“It's a gold mine, my gold mine.”

“Ah, yes, sometimes the bereaved delude themselves, thinking their loved one lives on, a spark that will burst into renewed life, even during the last rites.”

“You're a corker, you are.”

She had expected as much. “Mr. Laidlow, bring me a sheet of paper, an ink bottle, a blotter, and a nib pen.”

He smiled. “Your last will and testament. I have these things right here, at my desk.”

He led her to a small, discreet desk, the place where rites and services and payment were usually negotiated, and he produced a sheet of good white vellum.

She dipped the pen, dated the sheet, and began:

“Herewith is notice that you are to vacate the McPhee Mine within twenty-four hours of the above date, and to cease removing ore from it. Failure to do so will result in whatever action the owner deems necessary to prevent theft and trespassing.”

She put her name to it and handed it to him.

He read it, making a great effort to look amused.

“I will share it with the other owners,” he said. “It's the property of the Roach Group, you know. A trust company.”

“You've been served,” she said. “And do share it with the rest. That makes more witnesses. Especially, share it with Constable Roach. I don't know his given name, but it doesn't matter. I'll find out.”

“The bereaved have strange ideas,” he said. “Sometimes it is necessary to commit them to Warm Springs. The Territory's asylum for unfortunates,” he said. He was acting twitchy.

“Is that a threat?”

“We do what we can for unfortunates.”

She rose quietly, smiled at him, which evoked another twitch, and headed for fresh air. Why did nature seem so clean, and interiors in Marysville seem so unclean?

She stood in the sun a moment, feeling her stomach hurt, and noted that it was nearly noon. Maybe Tip Leary would be on hand. She found the double doors unlocked, and entered, smacking into the stale ale smell of the place that she remembered. And he was there, sitting at the end of the battered bar, keeping his ledgers.

“You, is it? Some sunshine in Tip's grog shop?”

“You mind if I dig into your pretzels, Tip?”

He eyed her closely, saw she was in need, and handed her the jar. And the other one with the pickled eggs.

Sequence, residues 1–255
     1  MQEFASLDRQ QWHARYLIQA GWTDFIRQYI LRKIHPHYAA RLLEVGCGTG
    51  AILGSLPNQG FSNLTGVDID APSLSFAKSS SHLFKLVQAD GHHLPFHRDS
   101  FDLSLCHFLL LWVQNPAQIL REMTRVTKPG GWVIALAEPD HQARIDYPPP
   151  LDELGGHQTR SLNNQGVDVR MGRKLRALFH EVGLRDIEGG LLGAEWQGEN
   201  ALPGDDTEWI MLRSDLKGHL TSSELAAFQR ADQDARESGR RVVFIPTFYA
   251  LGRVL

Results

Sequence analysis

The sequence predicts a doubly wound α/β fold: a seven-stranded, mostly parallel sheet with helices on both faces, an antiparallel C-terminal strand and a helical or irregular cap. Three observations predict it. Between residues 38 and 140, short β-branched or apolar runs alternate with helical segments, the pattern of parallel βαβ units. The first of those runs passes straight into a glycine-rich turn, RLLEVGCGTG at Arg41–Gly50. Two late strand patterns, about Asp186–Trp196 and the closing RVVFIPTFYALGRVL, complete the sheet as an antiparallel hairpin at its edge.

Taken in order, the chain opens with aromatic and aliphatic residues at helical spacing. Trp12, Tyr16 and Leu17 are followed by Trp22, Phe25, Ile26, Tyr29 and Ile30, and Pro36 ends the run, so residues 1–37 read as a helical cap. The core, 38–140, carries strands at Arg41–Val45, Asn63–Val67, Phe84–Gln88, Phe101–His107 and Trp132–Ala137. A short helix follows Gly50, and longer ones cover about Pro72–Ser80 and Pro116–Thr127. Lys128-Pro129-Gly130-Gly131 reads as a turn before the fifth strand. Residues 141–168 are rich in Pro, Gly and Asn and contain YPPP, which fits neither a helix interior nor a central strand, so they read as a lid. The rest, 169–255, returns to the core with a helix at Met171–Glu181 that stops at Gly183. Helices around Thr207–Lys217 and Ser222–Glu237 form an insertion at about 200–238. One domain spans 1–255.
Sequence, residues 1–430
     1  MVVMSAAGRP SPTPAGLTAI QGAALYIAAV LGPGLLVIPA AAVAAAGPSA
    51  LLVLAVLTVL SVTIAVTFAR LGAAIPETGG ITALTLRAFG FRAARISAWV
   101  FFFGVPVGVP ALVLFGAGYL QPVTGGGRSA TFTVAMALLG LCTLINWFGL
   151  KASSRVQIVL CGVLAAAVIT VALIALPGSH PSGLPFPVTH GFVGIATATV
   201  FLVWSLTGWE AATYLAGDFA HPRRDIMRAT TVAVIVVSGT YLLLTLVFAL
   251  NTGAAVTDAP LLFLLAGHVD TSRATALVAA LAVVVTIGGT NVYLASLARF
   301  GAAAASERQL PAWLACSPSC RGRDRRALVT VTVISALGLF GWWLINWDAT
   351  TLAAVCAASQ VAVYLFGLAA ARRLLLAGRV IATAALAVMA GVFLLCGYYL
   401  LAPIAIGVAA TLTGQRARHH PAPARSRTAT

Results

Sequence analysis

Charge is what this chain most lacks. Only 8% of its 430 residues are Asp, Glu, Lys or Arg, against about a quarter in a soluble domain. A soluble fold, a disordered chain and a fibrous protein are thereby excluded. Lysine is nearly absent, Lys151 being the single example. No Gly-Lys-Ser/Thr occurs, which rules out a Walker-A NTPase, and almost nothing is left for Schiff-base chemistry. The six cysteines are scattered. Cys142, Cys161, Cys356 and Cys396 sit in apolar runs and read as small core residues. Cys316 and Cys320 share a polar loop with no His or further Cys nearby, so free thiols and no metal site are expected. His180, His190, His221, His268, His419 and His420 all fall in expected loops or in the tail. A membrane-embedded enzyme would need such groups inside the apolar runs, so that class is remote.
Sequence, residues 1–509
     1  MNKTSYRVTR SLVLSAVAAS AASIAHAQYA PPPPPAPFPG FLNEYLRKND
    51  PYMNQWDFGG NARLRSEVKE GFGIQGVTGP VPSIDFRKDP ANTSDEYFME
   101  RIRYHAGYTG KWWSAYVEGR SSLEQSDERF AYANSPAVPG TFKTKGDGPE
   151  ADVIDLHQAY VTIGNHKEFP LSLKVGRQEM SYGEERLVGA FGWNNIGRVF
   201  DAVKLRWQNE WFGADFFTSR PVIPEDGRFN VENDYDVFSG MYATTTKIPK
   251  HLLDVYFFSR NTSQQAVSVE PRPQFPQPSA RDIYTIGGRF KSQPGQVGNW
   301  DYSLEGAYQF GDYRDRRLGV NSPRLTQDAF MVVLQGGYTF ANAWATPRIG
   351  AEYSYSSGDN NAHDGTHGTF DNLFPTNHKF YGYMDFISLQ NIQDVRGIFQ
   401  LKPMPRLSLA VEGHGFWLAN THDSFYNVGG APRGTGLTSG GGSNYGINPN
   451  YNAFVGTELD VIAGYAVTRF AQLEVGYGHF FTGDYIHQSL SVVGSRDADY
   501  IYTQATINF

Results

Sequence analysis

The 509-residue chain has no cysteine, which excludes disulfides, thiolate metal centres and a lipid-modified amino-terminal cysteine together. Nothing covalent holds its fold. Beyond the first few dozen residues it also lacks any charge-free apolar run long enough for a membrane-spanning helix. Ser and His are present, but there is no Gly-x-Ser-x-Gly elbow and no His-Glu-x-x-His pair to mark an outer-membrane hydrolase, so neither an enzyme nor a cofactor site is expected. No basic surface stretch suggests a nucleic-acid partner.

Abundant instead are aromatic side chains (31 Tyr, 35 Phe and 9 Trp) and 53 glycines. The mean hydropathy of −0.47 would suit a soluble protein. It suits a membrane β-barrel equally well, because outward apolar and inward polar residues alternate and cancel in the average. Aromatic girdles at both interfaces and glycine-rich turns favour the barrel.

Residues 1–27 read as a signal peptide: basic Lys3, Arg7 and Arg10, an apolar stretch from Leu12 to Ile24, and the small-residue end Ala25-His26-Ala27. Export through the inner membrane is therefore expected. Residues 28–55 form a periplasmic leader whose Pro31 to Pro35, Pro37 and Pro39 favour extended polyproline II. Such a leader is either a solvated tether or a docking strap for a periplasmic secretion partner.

“Seems to me I'd better close this place for a little bit, to keep it legal,” he said, and ambled to his doors and shut them. “The law says ladies and saloons are mutually exclusive.”

She tackled a big, salty pretzel, and another, and started on a third before she was ready to talk, which he watched closely.

He found some sarsaparilla, and poured it for her, and she sipped it gratefully.

“Now, then,” she said, and plunged in. She had to go back a way, to her life day after day in a hideaway of her own fashioning. The patent with her name on it. Roach's court papers that he had neglected to serve in a timely way. And the arrival of the Laidlow hooligans, and the rest, up to her visit with the mortician himself. Then, suddenly, she was worn out.

“And you haven't a roof over your head, or more than what you wear.”

“I have my hideaway. I can live there a while more, before they find me out.”

“You're a bird with a broken nest, and the chicks all gone,” he said.

“I'd like a safe place. Now, with this patent, proof of my ownership, I'm ready to do what I can.”

Tip shook his head. “When the courts aren't good and true, and when they're robbing your mine while keeping you out, and while the lawyers land low punches and charge you high, while all that's going on, you're without a nest, without a meal—but not without friends.”

He eyed the small wind-up clock at the end of the back bar, and made a decision.

“Rest a little at your hideaway, where you'll be safe. Then make your way here about midnight, and there'll be hands to guide you to a safe place, and other hands to put a little food in you, and other hands to watch over you through the days to come.”

“Tip, what are you saying?”

“I'm saying a widow has friends in my saloon, and these friends, they'll find a nest for ye, and keep you fed, and give you a safe place here in town, and whatever you do up at the mine, ye have a place that's tight and silent.”

“They'd do that?”

“They'd do more than that. They tried to drill and muck for you, but got chased away. They were ready to dig ore, get your little debt paid down. Count on it. Come by when the saloons shut down. There'll be a lamp in my window here to let you know, and I'll be here to introduce you to some lads who'll look after you.”

She stood, refreshed by the small meal, drew him to her, kissed him, and headed into the bright day.